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22 May

Coronavirus Diary with OV Jeremy Thompson: Entry 9

Following on from last week, here is the beginning of the next entry in OV Jeremy Thompson (S 61-65)’s Virus Diaries for Sky News…

Monday 11 MayOV Jeremy Thompson

We’ve seen the government’s roadmap. We ask friends for their assessment. Overall they say a lot of routes remain closed, it doesn’t appear to be very well signposted and it’s still going nowhere very fast.

So what about our own self-isolation satnav. As before, it guides us to the outer walls of our apartment, the local parks, paths and streets.

Now we can add routes to the golf course, tennis courts, garden centres and possibly meets with other households in “bubbles”, preferably outside, as long as we all wear masks.

So two steps forward, one step back. Maybe I should ask our cleaner to learn hairdressing. That would kill two bugs with one stone.

Just in case you are thinking of going back to work, you may recall that old slogan “Go to work on an egg”? It goes back 60 years to a campaign by the Egg Marketing Board to build up sales.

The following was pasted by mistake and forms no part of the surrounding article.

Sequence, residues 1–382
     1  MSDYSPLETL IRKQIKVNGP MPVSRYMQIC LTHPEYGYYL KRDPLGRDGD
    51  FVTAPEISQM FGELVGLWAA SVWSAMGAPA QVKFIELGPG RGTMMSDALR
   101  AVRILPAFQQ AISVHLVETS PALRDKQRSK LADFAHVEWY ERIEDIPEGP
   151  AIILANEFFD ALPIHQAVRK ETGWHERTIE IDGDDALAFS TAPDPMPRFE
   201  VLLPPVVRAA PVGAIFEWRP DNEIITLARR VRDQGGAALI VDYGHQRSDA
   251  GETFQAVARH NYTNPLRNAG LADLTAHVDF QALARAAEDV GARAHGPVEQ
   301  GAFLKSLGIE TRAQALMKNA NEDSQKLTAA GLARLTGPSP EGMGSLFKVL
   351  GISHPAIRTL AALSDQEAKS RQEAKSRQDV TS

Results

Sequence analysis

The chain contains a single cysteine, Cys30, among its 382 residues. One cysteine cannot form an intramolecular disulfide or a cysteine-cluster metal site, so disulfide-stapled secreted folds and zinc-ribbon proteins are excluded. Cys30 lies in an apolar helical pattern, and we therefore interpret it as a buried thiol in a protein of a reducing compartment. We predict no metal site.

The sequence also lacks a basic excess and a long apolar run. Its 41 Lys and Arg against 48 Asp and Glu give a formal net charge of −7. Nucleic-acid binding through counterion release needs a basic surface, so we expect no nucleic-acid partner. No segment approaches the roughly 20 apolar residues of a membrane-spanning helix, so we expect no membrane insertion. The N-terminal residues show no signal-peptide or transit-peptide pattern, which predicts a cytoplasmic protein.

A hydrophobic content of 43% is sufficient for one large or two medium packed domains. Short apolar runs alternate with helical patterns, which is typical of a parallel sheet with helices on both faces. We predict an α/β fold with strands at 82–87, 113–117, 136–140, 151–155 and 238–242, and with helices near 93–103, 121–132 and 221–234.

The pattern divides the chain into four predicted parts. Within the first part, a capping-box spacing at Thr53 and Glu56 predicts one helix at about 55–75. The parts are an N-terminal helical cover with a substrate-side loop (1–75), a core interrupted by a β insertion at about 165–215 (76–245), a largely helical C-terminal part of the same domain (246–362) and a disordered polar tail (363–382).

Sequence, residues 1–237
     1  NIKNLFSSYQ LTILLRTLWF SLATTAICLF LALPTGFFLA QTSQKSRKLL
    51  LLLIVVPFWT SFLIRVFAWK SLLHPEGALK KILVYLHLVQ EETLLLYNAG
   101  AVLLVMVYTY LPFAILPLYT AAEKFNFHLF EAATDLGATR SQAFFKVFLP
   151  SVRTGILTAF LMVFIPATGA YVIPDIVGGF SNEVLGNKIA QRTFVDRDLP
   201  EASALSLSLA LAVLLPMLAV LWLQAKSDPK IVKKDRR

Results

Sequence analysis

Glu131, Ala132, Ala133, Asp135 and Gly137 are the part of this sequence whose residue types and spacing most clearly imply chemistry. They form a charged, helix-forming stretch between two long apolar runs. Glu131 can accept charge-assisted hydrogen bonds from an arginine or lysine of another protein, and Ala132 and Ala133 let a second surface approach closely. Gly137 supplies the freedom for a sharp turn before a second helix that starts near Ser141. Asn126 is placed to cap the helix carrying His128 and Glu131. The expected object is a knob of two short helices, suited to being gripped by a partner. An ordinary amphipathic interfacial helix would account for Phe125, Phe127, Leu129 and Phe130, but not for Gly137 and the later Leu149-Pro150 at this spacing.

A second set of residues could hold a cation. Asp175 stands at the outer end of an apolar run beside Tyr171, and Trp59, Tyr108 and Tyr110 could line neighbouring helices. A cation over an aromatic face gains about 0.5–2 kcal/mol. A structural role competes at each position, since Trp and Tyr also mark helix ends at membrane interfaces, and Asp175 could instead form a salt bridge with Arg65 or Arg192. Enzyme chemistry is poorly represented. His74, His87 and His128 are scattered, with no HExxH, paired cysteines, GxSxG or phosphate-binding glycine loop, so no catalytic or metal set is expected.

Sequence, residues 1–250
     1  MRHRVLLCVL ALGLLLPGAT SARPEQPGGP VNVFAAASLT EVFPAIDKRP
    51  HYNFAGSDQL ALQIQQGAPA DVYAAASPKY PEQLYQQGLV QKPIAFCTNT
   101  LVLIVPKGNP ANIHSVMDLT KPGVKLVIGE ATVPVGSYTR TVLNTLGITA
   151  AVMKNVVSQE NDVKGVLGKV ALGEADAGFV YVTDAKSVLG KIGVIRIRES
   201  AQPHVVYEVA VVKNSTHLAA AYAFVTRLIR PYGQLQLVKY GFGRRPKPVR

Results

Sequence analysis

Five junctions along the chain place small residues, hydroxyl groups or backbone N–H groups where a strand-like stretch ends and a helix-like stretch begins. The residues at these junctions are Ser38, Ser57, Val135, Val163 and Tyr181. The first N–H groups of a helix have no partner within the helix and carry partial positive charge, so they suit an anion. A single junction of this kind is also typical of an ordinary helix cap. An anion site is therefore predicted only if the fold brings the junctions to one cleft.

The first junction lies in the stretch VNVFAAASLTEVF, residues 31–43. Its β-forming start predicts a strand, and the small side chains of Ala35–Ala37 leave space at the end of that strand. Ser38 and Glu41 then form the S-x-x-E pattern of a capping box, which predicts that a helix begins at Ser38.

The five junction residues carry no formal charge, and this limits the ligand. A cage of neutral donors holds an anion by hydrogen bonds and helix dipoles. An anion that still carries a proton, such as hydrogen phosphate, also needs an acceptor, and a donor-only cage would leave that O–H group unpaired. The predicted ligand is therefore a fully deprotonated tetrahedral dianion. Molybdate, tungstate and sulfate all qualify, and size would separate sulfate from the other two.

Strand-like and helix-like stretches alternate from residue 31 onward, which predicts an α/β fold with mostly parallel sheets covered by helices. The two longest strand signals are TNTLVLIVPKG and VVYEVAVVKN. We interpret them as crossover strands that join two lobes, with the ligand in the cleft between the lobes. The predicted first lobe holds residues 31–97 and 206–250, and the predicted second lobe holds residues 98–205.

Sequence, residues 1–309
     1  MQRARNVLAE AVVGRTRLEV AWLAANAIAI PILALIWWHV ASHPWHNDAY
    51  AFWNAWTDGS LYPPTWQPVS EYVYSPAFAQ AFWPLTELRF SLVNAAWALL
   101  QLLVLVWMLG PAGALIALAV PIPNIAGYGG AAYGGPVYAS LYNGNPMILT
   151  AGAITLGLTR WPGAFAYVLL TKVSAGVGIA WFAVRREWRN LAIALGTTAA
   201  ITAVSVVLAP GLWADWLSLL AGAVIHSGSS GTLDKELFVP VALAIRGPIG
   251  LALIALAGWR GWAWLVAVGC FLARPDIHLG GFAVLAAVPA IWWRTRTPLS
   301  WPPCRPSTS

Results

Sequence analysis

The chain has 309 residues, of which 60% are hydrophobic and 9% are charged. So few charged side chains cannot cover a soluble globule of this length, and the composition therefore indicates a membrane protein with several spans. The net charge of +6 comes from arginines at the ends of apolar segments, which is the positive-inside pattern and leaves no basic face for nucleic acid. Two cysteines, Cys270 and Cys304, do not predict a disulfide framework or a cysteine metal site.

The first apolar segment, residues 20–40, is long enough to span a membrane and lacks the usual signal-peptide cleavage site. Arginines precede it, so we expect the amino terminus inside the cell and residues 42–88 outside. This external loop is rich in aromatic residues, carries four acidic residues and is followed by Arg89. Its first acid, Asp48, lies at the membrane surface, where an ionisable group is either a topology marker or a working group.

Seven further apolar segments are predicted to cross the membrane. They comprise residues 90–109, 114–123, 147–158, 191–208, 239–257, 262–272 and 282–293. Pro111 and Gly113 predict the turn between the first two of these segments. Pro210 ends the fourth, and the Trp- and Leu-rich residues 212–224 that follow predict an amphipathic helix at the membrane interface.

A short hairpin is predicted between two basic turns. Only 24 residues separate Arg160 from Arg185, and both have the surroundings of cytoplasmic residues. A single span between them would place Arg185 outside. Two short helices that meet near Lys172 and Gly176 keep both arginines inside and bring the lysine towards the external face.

Every eggshell was stamped with a lion. Right now it should be re-branded “Stay at home on an egg”.

Apparently the great British eggy brekkie is booming in lockdown. One small problem – there’s now an egg shortage because, believe it or not, hens are having their very own virus crisis – an outbreak of avian flu. What an irony.

It’s interesting how food has become one of the joys of isolation.

As an animated Wallace once said to Gromit: “I love a bit of Wensleydale.” And the other day we found a wonderful Wensleydale at our local cheese shop.

It even had a name – Richard III Wensleydale, royally made by Suzanne Stirke at her Fortmayne dairy farm at Bedale in North Yorkshire.

A proper provenance. It took us right back to happy days spent walking the Dales, eating cheese and supping pints. On my big weekly walk, I stop for a takeaway coffee at an Italian in Twickenham.

The restaurant itself is dark and closed. I sympathise with the owner over the lack of business.

Charmingly she waves her hand and declares: “It’s not about the money. It’s about the quality of life. And we’re alive. The sky is blue, the air is clean. The kids are fine. And now I’m home every evening to cook them good Italian food. That’s all that matters.”

Good for her.